This study was therefore undertaken to assess the age of puberty and reproductive performance of Djallonke gimmers and to estimate the influence of season of lambing on the onset of puberty on lambs born inthe rainy season or the dry season of the Guinea Savannah Zone of Ghana.

Materials and methods

Study area

The study was carried out at the Pong Tamale Livestock Breeding Station and the Pong Tamale Central Veterinary Laboratory in Savelugu/Nanton district of Ghana, located on Longitude 00 49” N and Latitude 9 0 40” W, about 32 km from the Northern Region capital of Tamale. The area falls within the Guinea Savannah vegetative zone of Ghana and experiences a unimodal rainfall pattern throughout the year with mean annual rainfall of 1 043 mm. There are two distinct seasons, a rainy season covering the months of May to September, and a dry season which begins in October and ends in late May. Peak rainfall for the rainy season is confined to the months of August and September. Rainfall for the peak period represents 40% of rain for the entire rainy season.

Experimental animals and management

Twenty Djallonke gimmers were monitored from the time of weaning, until they displayed first oestrus. Ten of the selected gimmers were born in the rainy-season in June and July while the other ten were born in the dry season, in November and December.

The experimental animals were grazed on pastures of Stylosanthes hamata, Panicum minimum and Cajanus cajan fodder from 9 am to 5 pm daily in the rainy period, but in the dry season, when the vegetation had dried up, the animals were fed crop residues from some locally cultivated crops such as Cajanus cajan waste, groundnut tops and cassava peels. Water was offered to the animals ad libitum.

Routine deworming against helminths was done every month in the rainy season and every other month in the dry season using Albendazole dewormer 2.5% (manufactured by Kela N.V., Belgium). The animals were also vaccinated against the peste des petits ruminants (PPR) once a year using PPR-VAC (manufactured in Botswana).

Progesterone monitoring

Blood samples were taken from the animals every other day by jugular venipuncture and the samples were stored on ice until they were centrifuged later at the laboratory and the serum harvested and stored at -40 oC, pending analysis for progesterone. A Solid Phase Enzyme Linked immunosorbent assay (ELISA) kit supplied by DRG International New Jersey, USA was used to test the samples for progesterone. The assay was performed in duplicate. Inter and intra assay coefficient of variation were 7.04% and 3.81% respectively. Assay sensitivity was 0.045 ng/ml. The ELISA test plates were read with a BioTek® Instruments ELISA plate reader (ELx800 model) through a 450 nm filter. The absorbance/optical density (OD) values obtained from the reader were used to compute the concentration of progesterone in the samples. This was done by plotting a standard curve for each assay using 7 standards (in duplicate) with known concentrations. The concentrations of the samples collected were then interpolated from the standard curve using the OD values generated.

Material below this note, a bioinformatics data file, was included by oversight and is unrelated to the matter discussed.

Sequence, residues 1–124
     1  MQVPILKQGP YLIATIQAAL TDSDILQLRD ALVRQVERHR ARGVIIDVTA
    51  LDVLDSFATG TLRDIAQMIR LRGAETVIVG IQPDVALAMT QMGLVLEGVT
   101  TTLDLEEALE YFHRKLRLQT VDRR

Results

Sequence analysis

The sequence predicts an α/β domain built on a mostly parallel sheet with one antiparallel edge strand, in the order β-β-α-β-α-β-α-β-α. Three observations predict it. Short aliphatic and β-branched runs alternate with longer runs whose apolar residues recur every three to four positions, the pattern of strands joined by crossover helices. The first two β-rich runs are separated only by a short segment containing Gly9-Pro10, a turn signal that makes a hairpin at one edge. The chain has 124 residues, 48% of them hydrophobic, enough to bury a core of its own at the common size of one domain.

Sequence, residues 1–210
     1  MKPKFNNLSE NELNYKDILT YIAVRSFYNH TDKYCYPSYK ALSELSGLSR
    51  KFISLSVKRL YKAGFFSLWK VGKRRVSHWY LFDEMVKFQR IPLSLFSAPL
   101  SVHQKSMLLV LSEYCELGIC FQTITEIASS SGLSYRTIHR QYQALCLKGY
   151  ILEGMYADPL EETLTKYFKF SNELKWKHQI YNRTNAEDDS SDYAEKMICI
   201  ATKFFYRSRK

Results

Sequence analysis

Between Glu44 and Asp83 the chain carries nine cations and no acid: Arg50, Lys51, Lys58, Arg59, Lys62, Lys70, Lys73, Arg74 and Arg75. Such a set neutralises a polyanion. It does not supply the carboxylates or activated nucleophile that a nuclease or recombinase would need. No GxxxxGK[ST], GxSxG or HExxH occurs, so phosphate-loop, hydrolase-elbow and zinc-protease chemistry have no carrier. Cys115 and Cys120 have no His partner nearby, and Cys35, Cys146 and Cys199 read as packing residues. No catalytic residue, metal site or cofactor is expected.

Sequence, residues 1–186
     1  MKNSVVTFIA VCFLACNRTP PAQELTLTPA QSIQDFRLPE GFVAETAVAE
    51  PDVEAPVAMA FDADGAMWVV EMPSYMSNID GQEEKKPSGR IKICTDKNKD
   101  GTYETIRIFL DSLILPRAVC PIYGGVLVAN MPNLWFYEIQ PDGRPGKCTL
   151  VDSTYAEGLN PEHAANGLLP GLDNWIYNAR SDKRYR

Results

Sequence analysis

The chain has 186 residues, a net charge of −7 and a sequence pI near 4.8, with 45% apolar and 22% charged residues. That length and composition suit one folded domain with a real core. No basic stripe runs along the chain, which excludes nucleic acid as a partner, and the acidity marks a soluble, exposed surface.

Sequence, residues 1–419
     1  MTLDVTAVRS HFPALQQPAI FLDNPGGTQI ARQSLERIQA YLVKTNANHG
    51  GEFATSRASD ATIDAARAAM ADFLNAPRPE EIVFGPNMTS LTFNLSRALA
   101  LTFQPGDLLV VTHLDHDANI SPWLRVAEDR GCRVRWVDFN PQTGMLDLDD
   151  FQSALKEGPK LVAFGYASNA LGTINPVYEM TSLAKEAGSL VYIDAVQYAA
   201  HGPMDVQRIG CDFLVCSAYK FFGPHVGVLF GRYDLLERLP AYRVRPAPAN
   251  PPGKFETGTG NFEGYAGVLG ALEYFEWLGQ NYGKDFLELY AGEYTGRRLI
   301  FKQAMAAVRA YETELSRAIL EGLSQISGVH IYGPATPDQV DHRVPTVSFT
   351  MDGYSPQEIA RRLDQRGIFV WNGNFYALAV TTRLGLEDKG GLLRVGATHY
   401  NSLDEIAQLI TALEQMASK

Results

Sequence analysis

All samples that showed progesterone concentration above a threshold of 1 ng/ml for two consecutive tests was taken to indicate the presence of a corpus luteum (Mukasa-Mugerwa and Ezaz 1991; Pineda and Dooley 2008).

Monitoring of oestrus

Two intact rams were fitted with harnesses (raddle) fitted with a crayon and allowed to run with the females. The rams which mated with the females left streaks of crayon marks on the rumps of the females. This was taken to mean the display of oestrus by the female, occasioning the mating. To test for pregnancy, serum samples of mated gimmers were tested the 21 st day and the 45th day after mating. Animals that continued to show elevated levels of progesterone were assumed to be pregnant.

Data collected and statistical analysis

Data was collected from the gimmers on age at first progesterone rise, age at first overt oestrus, age at first parturition/lambing, lamb birth weights, placenta weight and gestation length. Monthly weights of all animals was taken and growth rates were computed from these. The animals were also scored for body condition using the standard of Russel (1984) where 0= extremely emaciated, 1= spinous process prominent and sharp, 2= spinous process prominent but smooth, 3= spinous processes felt only as smooth round elevations, 4= spinous process felt only with pressure, 5= extreme fatness).